“It will also look at the development of various health functional foods by researching the functional and active ingredients to be found within insects, in response to the growing need for such functional foods.”


Miles away in Australia, the government is also backing efforts to grow the local edible insect industry as a protein source, expected to grow into a A$10mn (US$7.7mn) per annum industry over the next five years.

Similar to South Korea, the government is pitching insect protein to consumers as a ‘nutritious, sustainable and ethical’ source of alternative protein, where Australian national science agency CSIRO and the Australian Department of Foreign Affairs and Trade (DFAT) have co-funded the development of a national roadmap dubbed Edible insects: A roadmap for the strategic growth of an emerging Australian industry​.

“Australia has a high diversity of native insects. Working with First Nations (indigenous) enterprises, many species have the potential to be sustainably harvested or grown in low impact farms, to be turned into new and delicious Australian foods,”​ said CSIRO entomologist and report co-author, Dr Bryan Lessard.

“Commercial insect farming is considered to have a low environmental footprint, requiring minimal feed, water, energy, and land resources – factors of importance to the modern health and ethically-conscious consumer.”

The report aims to lay out the framework of the current state of the industry and promote growth, but also states that ‘few businesses have yet to reach commercial scale’ and ‘Australian consumer acceptance is currently low’​ when it comes to insect consumption.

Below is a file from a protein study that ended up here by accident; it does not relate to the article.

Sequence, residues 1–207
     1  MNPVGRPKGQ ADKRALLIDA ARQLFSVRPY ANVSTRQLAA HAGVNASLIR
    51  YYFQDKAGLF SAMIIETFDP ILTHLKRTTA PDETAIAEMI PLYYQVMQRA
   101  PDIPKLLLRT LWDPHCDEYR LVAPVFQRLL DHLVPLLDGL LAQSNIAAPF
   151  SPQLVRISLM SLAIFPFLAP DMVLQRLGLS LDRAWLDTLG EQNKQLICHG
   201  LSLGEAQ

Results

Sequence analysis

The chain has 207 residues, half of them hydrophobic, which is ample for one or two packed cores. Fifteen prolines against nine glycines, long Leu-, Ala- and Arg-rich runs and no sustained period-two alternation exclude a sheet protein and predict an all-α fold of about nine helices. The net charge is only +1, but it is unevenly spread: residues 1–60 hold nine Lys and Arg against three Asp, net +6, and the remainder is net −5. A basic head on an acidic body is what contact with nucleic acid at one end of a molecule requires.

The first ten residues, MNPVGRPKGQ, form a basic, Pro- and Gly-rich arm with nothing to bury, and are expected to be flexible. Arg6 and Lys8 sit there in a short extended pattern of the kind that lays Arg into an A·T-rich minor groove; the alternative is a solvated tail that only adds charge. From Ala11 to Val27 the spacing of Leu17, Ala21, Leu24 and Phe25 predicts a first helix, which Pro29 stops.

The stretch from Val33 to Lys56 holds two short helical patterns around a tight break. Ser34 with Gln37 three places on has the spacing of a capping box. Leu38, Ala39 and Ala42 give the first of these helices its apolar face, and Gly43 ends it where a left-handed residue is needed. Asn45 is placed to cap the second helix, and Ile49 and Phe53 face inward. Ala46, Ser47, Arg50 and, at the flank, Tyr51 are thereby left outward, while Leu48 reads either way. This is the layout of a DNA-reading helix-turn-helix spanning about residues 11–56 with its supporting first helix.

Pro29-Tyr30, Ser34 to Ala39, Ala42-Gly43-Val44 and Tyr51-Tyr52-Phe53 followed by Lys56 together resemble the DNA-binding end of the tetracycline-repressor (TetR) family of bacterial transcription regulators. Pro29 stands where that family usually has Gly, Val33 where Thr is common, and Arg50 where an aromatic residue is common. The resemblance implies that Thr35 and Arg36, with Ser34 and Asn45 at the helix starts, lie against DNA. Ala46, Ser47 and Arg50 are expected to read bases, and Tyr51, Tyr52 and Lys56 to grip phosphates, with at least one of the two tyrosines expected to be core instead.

“Most Western cultures have developed an aversion for insects, perpetuated by stereotypes of insects being dirty, pests, dangerous, only eaten in times of desperation or having an inherent “yuk” factor,”​ said the report authors.

“[However], local indigenous groups having traditionally consumed over 60 types of native insect species, [so it is important to] co-develop the industry with these groups, and link these initiatives with Western science to strengthen chances of success.”

South East Asia

Over in South East Asia, in several countries such as Myanmar and Thailand insects have traditionally been consumed as foods but not as a staple and usually fried and sold whole at roadside stalls – these traditional formats are not generally associated with the newer edible insect movement, which focuses on insects as a source of alternative protein.

For instance, Thailand’s CP Foods recently entered a collaboration with the local Chiang Mai University to develop black soldier fly protein as a food and feed source.

According to the firm’s Senior Vice President Dr Pairat Srichana, the firm also sees the commercialisation of insect-based protein as a sustainable alternative food source which offers ‘great opportunities for circular economy, as insects can effectively help to recycle bio-waste’.

“We believe that the black soldier fly is [one of the most] sustainable choices for alternative protein and fat sources, ​he said.